"People are understandably worried about the rising cost of living as more families struggle to get by on their meagre means. Now is the time to help by putting in place the right measures: to get bills under control, stave off inflation and get our economies are growing. We must protect the most vulnerable in our societies," said European Parliament President Roberta Metsola.
The numerous geopolitical crises of recent years continue to present citizens and politicians with serious challenges. With inflation at its highest level in decades, citizens want the European Parliament to focus on fighting poverty and social exclusion (37%). Public health continues to be important to many citizens (34%), as is continued action on climate change (31%). Support for the economy and the creation of new jobs (31%) is also in a key place among citizens' expectations.
According to the Bulgarians who participated in the survey, the main priorities of the European Parliament should be the fight against poverty and social exclusion (44%), support for the economy and the creation of new jobs (43%), public health (34%), as well as the topic for democracy and the rule of law (27%), while action against climate change is recognized by only 10% of respondents, which is nearly 20 percentage points different from the average levels for Europe.
At the same time, the current crises, and especially Russia's war against Ukraine, are strengthening citizens' support for the European Union: 62% of respondents believe that EU membership is a "good thing", which represents one of the highest results since 2007.
The share for Bulgaria on this indicator is much lower - 49%, with which it falls among the member states with the lowest levels on this indicator (Italy and Romania with 46%, Slovakia - 44%, Greece - 43% and Austria - 42%). Two-thirds of European citizens (66%) think that their country's EU membership is important, and 72% think that their country has gained from its EU membership. The figures for Bulgaria show that 54% of respondents believe that their EU membership is important, while 60% of them indicate that Bulgaria has gained from its EU membership, placing it second to last among member states on both indicators - respectively before Slovakia (48%) and before Austria (55%).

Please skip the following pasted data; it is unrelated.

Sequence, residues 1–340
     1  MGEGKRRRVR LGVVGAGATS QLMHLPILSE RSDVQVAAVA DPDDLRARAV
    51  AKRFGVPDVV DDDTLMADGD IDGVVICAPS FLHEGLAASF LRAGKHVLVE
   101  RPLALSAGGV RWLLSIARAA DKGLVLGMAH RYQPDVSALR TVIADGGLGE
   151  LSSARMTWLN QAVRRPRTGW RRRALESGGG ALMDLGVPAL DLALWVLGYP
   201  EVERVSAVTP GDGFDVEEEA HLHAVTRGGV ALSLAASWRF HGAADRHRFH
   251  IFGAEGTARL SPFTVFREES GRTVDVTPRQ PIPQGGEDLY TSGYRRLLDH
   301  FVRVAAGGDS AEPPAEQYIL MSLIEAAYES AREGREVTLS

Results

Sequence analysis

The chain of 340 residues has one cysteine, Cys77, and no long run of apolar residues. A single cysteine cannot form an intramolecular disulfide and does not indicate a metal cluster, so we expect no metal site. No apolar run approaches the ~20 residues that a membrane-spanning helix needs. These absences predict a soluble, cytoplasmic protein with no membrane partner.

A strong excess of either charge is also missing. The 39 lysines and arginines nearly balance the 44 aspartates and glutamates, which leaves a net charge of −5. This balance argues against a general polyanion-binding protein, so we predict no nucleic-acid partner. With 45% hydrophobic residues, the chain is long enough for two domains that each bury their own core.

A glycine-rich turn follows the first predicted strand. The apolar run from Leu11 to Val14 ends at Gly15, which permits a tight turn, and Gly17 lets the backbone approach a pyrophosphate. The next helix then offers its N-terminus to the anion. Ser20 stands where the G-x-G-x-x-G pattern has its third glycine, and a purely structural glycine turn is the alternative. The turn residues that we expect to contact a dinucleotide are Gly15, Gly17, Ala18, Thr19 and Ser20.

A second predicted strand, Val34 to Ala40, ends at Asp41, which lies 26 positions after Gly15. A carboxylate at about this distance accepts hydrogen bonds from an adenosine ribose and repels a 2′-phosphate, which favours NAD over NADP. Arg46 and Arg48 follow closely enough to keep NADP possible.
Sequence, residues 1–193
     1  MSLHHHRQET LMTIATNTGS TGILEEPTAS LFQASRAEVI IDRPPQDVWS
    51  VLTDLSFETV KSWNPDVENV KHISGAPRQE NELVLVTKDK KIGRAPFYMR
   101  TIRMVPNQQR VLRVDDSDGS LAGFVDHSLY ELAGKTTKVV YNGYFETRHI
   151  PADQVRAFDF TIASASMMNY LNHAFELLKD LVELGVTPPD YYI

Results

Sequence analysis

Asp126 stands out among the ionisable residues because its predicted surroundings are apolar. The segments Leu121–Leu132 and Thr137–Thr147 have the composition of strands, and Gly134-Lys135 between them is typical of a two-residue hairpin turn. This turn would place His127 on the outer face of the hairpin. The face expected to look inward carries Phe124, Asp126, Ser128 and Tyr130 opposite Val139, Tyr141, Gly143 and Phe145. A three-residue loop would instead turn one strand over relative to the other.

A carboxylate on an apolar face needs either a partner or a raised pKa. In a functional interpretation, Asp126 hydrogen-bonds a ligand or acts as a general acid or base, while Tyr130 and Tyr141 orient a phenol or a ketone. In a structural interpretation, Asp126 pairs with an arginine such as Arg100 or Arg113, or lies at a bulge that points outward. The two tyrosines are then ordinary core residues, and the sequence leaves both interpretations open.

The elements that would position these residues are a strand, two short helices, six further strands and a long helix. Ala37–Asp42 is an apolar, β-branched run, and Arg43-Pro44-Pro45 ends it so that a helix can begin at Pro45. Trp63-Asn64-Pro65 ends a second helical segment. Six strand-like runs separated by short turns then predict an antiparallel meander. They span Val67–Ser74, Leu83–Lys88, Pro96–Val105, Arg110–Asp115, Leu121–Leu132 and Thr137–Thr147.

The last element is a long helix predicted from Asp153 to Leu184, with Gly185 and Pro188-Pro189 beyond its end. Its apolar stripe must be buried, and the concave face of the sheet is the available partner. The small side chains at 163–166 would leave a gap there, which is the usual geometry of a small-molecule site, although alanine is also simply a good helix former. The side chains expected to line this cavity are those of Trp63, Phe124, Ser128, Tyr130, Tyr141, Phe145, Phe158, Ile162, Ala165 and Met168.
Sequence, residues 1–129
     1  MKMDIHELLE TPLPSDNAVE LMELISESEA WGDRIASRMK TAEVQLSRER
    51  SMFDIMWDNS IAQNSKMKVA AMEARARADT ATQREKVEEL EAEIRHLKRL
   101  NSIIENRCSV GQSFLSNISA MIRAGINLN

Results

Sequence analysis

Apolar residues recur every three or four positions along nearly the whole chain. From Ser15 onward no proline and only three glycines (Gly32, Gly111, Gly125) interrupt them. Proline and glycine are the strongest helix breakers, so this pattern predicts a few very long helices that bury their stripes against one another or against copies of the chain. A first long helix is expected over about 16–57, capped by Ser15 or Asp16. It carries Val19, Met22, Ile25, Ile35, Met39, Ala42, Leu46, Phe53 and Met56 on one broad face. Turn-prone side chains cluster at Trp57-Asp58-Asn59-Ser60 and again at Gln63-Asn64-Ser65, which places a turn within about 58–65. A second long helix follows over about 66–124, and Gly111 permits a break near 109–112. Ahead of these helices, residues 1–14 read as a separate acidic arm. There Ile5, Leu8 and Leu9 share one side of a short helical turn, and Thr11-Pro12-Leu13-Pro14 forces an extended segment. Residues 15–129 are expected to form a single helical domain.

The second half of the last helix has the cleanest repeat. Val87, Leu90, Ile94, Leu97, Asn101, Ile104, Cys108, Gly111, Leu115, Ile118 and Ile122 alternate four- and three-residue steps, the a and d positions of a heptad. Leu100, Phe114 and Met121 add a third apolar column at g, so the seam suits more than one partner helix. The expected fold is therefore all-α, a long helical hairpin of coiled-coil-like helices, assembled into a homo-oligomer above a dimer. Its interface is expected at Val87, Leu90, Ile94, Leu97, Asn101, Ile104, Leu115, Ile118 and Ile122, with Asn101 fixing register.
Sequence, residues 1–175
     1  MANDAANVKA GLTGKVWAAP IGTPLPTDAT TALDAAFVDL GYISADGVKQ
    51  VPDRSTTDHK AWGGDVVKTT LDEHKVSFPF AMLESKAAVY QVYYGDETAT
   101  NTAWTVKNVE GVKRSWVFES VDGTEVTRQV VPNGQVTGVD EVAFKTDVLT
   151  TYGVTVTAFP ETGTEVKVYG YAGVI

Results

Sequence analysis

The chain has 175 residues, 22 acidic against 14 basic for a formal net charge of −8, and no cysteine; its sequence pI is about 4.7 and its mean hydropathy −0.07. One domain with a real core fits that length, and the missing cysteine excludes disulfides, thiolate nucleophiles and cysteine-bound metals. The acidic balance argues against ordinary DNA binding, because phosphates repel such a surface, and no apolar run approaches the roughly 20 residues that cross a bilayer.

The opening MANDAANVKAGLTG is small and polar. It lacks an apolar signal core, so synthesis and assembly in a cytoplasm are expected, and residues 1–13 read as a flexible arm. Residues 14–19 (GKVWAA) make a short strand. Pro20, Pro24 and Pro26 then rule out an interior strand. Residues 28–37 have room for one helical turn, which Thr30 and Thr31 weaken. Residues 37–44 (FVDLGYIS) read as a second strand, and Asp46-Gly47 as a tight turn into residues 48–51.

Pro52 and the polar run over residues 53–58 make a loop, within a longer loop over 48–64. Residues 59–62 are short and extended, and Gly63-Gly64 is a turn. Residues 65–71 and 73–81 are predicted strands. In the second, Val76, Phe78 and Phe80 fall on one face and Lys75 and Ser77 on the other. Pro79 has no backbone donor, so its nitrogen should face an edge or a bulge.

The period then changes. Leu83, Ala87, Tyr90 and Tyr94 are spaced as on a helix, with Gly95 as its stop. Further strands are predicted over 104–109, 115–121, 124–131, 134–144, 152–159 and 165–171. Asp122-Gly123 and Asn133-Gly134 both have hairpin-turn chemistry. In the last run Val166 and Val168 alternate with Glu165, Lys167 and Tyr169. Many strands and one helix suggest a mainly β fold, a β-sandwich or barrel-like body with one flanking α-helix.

In this context, the idea of "peace" returns to the minds of citizens as one of the key and fundamental reasons for the existence of the European Union: 36% of Europeans believe that its contribution to maintaining peace and strengthening security are the main advantages of membership in EU, which represents an increase of 6 percentage points from autumn 2021. Europeans also believe that the EU facilitates better cooperation between member states (35%) and contributes to economic growth (30%).
For 53% of Bulgarians, the biggest advantage of EU membership is that the Union provides us with new opportunities for work, which puts the country in the same group as Croatia (51%), Slovakia (43%), Hungary (40%), Romania (39%), the Czech Republic (38%) and Estonia (38%). The next most important benefits of EU membership for the Bulgarians who participated in the survey are better cooperation between Bulgaria and other member states (33%), as well as maintaining peace and strengthening security (29%).
The Eurobarometer survey was conducted in October 2022 in all 27 EU member states.